One of the Omega-3 fatty acids, DHA is essential for the growth and development of your little one’s brain and eyes. Having sufficient DHA in your diet will also improve your little one’s learning ability. You’ll find oily fish such as salmon, mackerel and trout a great source for DHA.

    GA®

    Gangliosides, is one of the key nutrients for brain development and also helps in connecting your little one’s brain cells. You’ll find gangliosides in eggs and Anmum™ Materna.

    Protein

    Protein is made up of amino acids that help build tissues and cells for both you and your little one. It is also an important nutrient in formation of enzymes, hormones and antibodies. Protein is especially important during the second and third trimester. That is when your little one is growing the fastest and you’ll need more protein-rich foods. Try a combination of meat, fish, eggs, legumes and Anmum™ Materna for a good source of protein.

    Folate

    Or also known as folic acid. This is a type of B vitamin that helps with the production of DNA and also the formation of new cells. Getting sufficient folate is especially important during pregnancy because it facilitates the rapid cell growth and development of your little one’s spinal cord and brain. It also reduces the risk of neural tube defects and works closely with vitamin B12 to help make red blood cells and helps iron work properly in the body. You can find it in dark leafy greens, such as spinach and mustard greens, as well as avocado and beans.

    Close
    • Zinc

      Zinc supports your overall bodily functions. You and your little one need zinc to support the growth and development of cells. Protein-rich foods are a great source of zinc. You can find it in foods like oysters, poultry, soybeans, mushrooms and squash seeds.

    • Vitamin A

      This is a fat-soluble vitamin which promotes good vision and participates in protein synthesis and cells division. It is an essential vitamin for your little one’s growth and development. Try adding vitamin A-rich foods like yellow, red and orange vegetables and fruits such as sweet potatoes, carrots, and pumpkin to you diet.

    • DHA

      One of the Omega-3 fatty acids, DHA is essential for the growth and development of your little one’s brain and eyes. Having sufficient DHA in your diet will also improve your little one’s learning ability. You’ll find oily fish such as salmon, mackerel and trout a great source for DHA.

    • GA®

      Gangliosides, is one of the key nutrients for brain development and also helps in connecting your little one’s brain cells. You’ll find gangliosides in eggs and Anmum™ Materna.

    • Protein

      Protein is made up of amino acids that help build tissues and cells for both you and your little one. It is also an important nutrient in formation of enzymes, hormones and antibodies. Protein is especially important during the second and third trimester. That is when your little one is growing the fastest and you’ll need more protein-rich foods. Try a combination of meat, fish, eggs, legumes and Anmum™ Materna for a good source of protein.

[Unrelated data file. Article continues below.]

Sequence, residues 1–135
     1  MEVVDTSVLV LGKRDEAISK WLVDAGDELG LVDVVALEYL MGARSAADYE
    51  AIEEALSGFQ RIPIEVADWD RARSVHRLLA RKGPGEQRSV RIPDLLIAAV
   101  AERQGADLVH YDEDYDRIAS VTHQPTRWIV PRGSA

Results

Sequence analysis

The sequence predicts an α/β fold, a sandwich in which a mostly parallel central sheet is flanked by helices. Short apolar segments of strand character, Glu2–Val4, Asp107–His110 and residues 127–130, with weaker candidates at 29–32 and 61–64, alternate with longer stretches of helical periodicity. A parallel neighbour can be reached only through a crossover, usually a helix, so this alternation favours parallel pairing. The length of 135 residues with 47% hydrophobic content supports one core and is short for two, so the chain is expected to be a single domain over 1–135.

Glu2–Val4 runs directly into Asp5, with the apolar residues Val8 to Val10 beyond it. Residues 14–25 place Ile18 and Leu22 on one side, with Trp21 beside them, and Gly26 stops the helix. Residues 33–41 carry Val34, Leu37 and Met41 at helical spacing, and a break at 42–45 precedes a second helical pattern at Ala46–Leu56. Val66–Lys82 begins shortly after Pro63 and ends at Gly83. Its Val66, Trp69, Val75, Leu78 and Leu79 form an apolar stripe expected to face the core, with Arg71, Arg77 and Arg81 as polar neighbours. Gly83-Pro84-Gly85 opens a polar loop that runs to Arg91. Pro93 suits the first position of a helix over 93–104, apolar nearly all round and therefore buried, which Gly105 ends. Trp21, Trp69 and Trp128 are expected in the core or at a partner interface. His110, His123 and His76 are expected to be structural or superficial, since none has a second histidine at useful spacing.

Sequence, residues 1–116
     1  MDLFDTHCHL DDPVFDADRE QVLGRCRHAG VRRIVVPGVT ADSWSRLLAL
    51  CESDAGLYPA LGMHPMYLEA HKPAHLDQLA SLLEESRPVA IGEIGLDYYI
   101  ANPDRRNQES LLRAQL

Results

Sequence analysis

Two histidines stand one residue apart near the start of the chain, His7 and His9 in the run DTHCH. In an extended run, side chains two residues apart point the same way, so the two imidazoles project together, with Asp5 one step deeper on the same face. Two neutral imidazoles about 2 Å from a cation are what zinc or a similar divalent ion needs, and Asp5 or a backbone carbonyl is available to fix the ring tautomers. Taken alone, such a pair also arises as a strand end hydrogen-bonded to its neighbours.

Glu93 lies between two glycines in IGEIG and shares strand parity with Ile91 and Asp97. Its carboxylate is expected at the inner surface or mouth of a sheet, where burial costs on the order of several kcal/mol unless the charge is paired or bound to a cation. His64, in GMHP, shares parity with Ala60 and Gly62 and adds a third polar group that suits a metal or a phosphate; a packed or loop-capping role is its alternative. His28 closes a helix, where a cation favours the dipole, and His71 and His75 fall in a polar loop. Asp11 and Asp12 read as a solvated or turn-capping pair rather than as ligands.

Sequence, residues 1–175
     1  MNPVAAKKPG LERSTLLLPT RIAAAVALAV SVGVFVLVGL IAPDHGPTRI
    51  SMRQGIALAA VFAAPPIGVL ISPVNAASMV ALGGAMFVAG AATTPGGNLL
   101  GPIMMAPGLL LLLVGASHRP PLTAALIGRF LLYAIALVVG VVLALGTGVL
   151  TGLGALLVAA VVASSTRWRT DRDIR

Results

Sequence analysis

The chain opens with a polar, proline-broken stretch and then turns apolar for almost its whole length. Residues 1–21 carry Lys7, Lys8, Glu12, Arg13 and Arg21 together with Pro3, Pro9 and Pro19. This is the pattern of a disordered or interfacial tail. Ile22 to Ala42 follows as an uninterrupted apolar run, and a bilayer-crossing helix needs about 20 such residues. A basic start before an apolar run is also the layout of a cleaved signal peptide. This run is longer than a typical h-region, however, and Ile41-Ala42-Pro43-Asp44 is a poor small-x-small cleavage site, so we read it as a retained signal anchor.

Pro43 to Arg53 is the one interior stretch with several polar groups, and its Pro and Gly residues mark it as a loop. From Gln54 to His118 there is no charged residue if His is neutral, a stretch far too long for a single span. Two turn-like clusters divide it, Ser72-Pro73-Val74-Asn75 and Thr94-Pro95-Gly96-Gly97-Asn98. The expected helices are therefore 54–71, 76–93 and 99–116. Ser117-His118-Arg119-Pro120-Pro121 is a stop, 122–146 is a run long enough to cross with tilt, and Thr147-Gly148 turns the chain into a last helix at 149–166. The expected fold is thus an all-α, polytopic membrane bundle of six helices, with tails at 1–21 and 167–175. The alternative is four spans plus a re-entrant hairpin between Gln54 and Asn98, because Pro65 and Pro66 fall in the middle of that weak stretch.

• Folate

      Or also known as folic acid. This is a type of B vitamin that helps with the production of DNA and also the formation of new cells. Getting sufficient folate is especially important during pregnancy because it facilitates the rapid cell growth and development of your little one’s spinal cord and brain. It also reduces the risk of neural tube defects and works closely with vitamin B12 to help make red blood cells and helps iron work properly in the body. You can find it in dark leafy greens, such as spinach and mustard greens, as well as avocado and beans.

  • For a healthy digestive system

    A healthy gut is important during pregnancy because it helps your body with nutrient absorption.

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    Probiotic

    Probiotics are live bacteria which are good for your digestive system. DR10® (bifidobacterium lactis) is one of the examples of probiotics. Probiotics promote a good gut health by preventing the growth of bad bacteria. It also helps in digestion and absorption of certain nutrients. Probiotic can be found in fermented dairy products and formulated milk such as Anmum™ Materna.

    Fibre

    Fibre is an important nutrient for healthy bowel movement. Some fibres such as inulin and fructo-oligosaccharides (FOS) are prebiotics which serve as food for the good bacteria in your gut. Fibre can be found in banana, asparagus, chicory root, garlic and Anmum™ Materna.

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    • Probiotic

      Probiotics are live bacteria which are good for your digestive system. DR10® (bifidobacterium lactis) is one of the examples of probiotics. Probiotics promote a good gut health by preventing the growth of bad bacteria. It also helps in digestion and absorption of certain nutrients. Probiotic can be found in fermented dairy products and formulated milk such as Anmum™ Materna.

    • Fibre

      Fibre is an important nutrient for healthy bowel movement. Some fibres such as inulin and fructo-oligosaccharides (FOS) are prebiotics which serve as food for the good bacteria in your gut. Fibre can be found in banana, asparagus, chicory root, garlic and Anmum™ Materna.

Get the important nutrients from Anmum™ Materna

Now that you’ve learned the importance of Macronutrients and Micronutrients during pregnancy, it is important to get them from the right sources. Anmum™ Materna, in low-fat formula, provides important macronutrients and micronutrients you’ll need to support you and developing baby’s needs during pregnancy.